Pharaphrasing the purple hibiscus

It also examines the uniqueness of stylistics as it concerns both the combination of linguistics and literary study of the texts being reviewed.

Pharaphrasing the purple hibiscus

It also examines the uniqueness of stylistics as it concerns both the combination of linguistics and literary study of the texts being reviewed. The data used to illustrate and substantiates our claims are systematically sourced from the selected Nigerian prose texts earlier mentioned.

The lexico-semantic patterns and choices, the phonological, morphological, syntactic and graphological devices are the main stylistic elements coupled with rigorous in-depth analysis of the figurative language employed in selected prose texts which are used to prove our claims.

Finally, we find that each of the elements however, has identifiable functions which contribute to the effective meaning of the texts. This implies that; while Achebe tends towards phallocentric predilection, Adichie subtly differs by pitching a camp with her gender lot — Feminism.

This creates a wide valley between the two Pharaphrasing the purple hibiscus. As an academic discipline it has always been seen, pretty much throughout the twentieth century, as neither one thing nor the other, or, much worse, as all things to all men and women, as sitting uncomfortably on the fence between the linguistic and the literary, and as a bit uneasy within either domain, building bridges that never quite stretch far enough across dividing waters and always, as here, resorting to retreat, repair and reconciliation metaphors of bridges, unfilled gaps and spaces, crossing contested territories, unhappy marriages and paths not taken.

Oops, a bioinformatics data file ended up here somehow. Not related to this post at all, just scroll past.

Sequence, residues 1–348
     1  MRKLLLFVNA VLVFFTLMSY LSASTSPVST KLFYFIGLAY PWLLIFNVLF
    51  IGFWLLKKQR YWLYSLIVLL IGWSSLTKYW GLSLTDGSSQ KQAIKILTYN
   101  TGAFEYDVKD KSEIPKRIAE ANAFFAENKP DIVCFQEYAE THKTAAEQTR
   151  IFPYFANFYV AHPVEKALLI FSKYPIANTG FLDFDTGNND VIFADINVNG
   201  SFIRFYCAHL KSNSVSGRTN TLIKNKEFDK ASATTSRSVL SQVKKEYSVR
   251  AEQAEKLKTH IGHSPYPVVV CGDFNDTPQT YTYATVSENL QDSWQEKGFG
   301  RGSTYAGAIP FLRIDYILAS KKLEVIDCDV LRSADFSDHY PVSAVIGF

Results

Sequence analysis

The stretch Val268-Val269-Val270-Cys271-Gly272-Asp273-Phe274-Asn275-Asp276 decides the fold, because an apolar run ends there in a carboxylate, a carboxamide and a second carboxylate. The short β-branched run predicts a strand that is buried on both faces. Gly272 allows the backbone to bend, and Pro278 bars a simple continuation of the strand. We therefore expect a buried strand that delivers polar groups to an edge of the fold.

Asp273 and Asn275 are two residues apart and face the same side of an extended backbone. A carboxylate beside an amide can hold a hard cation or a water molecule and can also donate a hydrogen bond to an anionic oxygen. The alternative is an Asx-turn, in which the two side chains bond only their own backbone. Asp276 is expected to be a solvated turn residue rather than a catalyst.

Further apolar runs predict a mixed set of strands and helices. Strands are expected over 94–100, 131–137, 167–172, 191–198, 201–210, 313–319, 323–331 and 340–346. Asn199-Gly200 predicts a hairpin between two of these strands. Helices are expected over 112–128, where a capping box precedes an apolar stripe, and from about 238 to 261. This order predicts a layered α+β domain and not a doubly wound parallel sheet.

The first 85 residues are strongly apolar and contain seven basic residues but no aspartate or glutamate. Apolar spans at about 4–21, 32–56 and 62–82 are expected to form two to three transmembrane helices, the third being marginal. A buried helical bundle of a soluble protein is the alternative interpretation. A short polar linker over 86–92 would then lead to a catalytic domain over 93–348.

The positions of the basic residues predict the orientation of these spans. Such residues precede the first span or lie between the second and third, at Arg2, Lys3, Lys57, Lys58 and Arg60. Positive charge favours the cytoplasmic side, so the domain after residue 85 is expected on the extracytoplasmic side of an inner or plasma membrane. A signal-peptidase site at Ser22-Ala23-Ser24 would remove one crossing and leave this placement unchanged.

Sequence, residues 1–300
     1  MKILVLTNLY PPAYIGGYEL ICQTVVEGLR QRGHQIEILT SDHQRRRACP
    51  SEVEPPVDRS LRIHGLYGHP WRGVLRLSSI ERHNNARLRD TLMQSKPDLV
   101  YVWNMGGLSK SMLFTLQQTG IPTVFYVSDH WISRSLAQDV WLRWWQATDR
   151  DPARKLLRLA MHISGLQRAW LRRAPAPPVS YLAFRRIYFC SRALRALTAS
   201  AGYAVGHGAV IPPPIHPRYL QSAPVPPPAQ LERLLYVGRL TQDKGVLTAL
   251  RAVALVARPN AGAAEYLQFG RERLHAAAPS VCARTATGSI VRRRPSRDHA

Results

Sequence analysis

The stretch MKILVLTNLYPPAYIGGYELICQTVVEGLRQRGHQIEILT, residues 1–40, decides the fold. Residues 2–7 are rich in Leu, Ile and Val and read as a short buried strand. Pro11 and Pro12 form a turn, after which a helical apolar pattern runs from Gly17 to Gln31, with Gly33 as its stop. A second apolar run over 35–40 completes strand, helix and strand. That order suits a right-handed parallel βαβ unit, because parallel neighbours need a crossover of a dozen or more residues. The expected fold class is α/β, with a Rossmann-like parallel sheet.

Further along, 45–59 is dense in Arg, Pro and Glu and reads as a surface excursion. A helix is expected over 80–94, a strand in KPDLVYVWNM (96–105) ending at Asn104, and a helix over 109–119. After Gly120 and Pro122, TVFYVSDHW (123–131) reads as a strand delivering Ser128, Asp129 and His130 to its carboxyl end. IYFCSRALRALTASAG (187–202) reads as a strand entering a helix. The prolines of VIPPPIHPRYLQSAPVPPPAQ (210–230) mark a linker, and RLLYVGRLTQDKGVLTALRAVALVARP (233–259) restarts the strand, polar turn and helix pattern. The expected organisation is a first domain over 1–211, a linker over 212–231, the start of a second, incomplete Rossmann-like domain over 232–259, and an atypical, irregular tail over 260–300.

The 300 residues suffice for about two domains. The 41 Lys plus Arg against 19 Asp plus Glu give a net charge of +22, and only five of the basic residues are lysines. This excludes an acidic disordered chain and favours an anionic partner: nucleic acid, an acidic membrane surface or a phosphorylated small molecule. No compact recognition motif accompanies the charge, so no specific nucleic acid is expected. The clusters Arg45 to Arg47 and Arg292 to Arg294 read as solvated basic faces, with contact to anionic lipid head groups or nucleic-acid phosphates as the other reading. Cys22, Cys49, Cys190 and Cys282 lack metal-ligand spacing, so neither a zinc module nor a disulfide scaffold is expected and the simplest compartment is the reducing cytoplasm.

In the s and s this was in part to be expected for an essentially inchoate interdisciplinary endeavour. And many linguists and literary critics continue to this day to give stylistics a hard time. But, for better or for worse, statisticians have stayed together.

Although, there have been few divorces or major disagreements within the family G. Watson and S, Zyngier, However, stylistics as a term as generally been referred to as the study of style and language.

The concept of style itself has had a troubled history in the modern period both within and outside literary study. The Work of literature is written and presented in many ways in order to bring out its creative nature. To achieve this, the writer uses his peculiar manners, choice of words and form in presenting his message.

This is what is known as style. Style therefore is the peculiar way in which something is done Nnaji, This shows that language is the key point in stylistic because a writer employs various forms and patterns of language while presenting his message.

Stylistics is the description and analysis of the variability of linguistic forms in actual language use.

Which flower is worlds beautiful flower? | Yahoo Answers

Operating at all linguistic levels e. These texts can be literary or non-literary in nature. Generally speaking, style may be regarded as a choice of linguistic means; as deviation from a norm; as recurrence of linguistic forms and as comparison.